This is dramatically reduced when compared to the X’s 12 TFLOPS but remember the S is running at a lower resolution meaning its graphical power is more than enough.
Games play at a targeted resolution of 1440p and on a 4K TV, upscaled, this still looks great and will suit most as the average gamer won’t be able to see a difference.
The Series S is a great option if you don’t own a 4K TV or if you’re not too bothered with the higher than HD resolutions.
Video content can be streamed at 4K but the Series S does not run games in native 4K.
Xbox Series S can support up to 120 frames per second on compatible TVs. Although this isn’t yet a common feature meaning you’d need a pretty new TV with HDMI 2.1 to make use of a 120Hz refresh rate. The quicker frames rates look fantastic for fast motion games especially racing like Dirt 5 or Forza giving the smoothest animations possible.
The Series X and S both benefit from an inbuilt feature called Auto HDR. High Dynamic Range improves the assortment of colours making the image appear more vibrant and bright.
The fan despite being so prominent on the console was always quiet and barely noticeable, However the console did seem to get very warm while I was playing, and while I did not notice any performance issues I was surprised at the amount of heat the single fan was blasting out.
When compared to last generation’s Xbox One X, the new Xbox Series S’ graphical capabilities may look like a downgrade on paper but the console takes advantage of faster RAM, RDNA 2, Raytracing, Velocity architecture, SSD, all of which blows all previous models out of the water.
Another helpful addition for budget conscious gamers is that the Series S can use your previous controllers from the Xbox One on the new system, saving you more money.
The Series S features backwards compatibility not just with the previous-gen like the PS5 but is compatible with thousands of games from all four generations of Xbox and letting you keep playing your old favourites on a new system.
This means that at launch you will already have access to thousands of select games some with improved performance, resolution and framerate due to the new advanced hardware and some being optimised.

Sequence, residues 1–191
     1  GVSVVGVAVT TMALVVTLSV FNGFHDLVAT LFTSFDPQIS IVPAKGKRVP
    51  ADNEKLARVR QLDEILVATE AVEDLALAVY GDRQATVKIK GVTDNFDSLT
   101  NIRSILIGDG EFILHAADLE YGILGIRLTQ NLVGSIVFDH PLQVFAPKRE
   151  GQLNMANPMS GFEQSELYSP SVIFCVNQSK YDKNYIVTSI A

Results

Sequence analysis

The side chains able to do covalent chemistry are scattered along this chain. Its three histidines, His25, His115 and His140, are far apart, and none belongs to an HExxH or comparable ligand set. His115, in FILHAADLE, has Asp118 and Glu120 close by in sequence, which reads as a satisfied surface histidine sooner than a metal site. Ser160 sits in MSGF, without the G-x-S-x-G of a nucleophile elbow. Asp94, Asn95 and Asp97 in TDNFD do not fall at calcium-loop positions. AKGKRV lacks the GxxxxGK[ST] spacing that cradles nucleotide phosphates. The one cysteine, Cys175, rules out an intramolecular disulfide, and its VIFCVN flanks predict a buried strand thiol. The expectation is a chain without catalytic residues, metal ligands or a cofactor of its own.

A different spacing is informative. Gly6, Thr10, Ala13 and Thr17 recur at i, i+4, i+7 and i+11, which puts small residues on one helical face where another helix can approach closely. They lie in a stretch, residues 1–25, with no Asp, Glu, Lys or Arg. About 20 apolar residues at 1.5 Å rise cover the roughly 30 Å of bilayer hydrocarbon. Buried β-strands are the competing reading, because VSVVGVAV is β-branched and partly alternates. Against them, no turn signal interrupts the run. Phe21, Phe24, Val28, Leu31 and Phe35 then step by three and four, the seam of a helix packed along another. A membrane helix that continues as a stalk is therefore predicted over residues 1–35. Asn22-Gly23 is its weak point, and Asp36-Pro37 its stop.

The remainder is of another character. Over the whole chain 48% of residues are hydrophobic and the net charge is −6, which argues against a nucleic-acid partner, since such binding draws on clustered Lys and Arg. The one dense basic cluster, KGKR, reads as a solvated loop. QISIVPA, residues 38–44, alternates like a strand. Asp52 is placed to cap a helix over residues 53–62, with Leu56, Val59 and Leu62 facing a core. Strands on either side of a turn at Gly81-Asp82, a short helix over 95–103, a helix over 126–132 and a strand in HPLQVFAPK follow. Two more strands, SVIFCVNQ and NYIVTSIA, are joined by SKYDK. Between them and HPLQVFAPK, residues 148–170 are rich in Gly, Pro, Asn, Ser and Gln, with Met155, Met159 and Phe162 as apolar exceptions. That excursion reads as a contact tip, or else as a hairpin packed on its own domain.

Quick Resume enables gamers to switch between up to 6 titles and resume instantly from where they last left off without waiting through loading screens, which is a nice touch and really gets you into your gamers quicker.
Xbox Smart Delivery is a really clever feature that means on supported games your console will download the best most optimised version of a game for whichever console you are using be it a series S, Series X or Xbox one
So far, there has only been a small selection of Smart Delivery games optimised for the new system but more are being added post-launch.
The Xbox Series S and X both also feature Variable Refresh Rate.This means that if your TV is supported, it will match its refresh rate to the frame rate of the game automatically.
This is important as some scenes with a lot of action or that are more graphically demanding on your hardware may momentarily cause drops it’s framerate from say 60 to 30 or lower to compensate and ease the workload.
But with Variable Refresh Rate, matching your frame rate and refresh rate you will see a much smoother experience and less noticeable tearing and stuttering.
The most important feature for any new console is the games, and Xbox, unfortunately, doesn’t have the edge on exclusive titles at the moment.
This is due to the delay of first-party title Halo Infinite so they are relying more on third party games like Cyberpunk 2077 which was also delayed.
Having said that, Microsoft’s monthly games on-demand service Game Pass features over 100 games to keep you entertained and when coupled with the Xbox’s impressive backwards compatibility you already have an extensive library at your fingertips.
And being a purely digital-only system the Series S is built for Game Pass which offers amazing value for money at only £10.99 a month and can be used on PC also.
You can even purchase a Series S with no upfront cost, pay a monthly fee of £20.99 per month for 24 months and it comes with Game Pass making it even easier to get into the Xbox ecosystem.
The Xbox Series S is a surprisingly capable system balancing performance with price but looks a little light on exclusives.
Boasting many of the same impressive next-gen features and some of the same hardware as the Series X, The S lacks the additional storage and power.
And while it may lack the raw GPU power of its big brother, is the lower price point, smaller physical profile and ability to play past, current and next gen games beautifully is all that matters.
The Xbox Series S significantly lowers the point of entry for next-generation gaming, and is a tempting way to get newcomers into the Xbox Ecosystem. It easily suits the needs of most gamers, appealing to parents, casual gamers, and as a second console.
The Series S when bought with Game Pass is an unstoppable combination.
The Xbox Series S is out 10 November for £249.99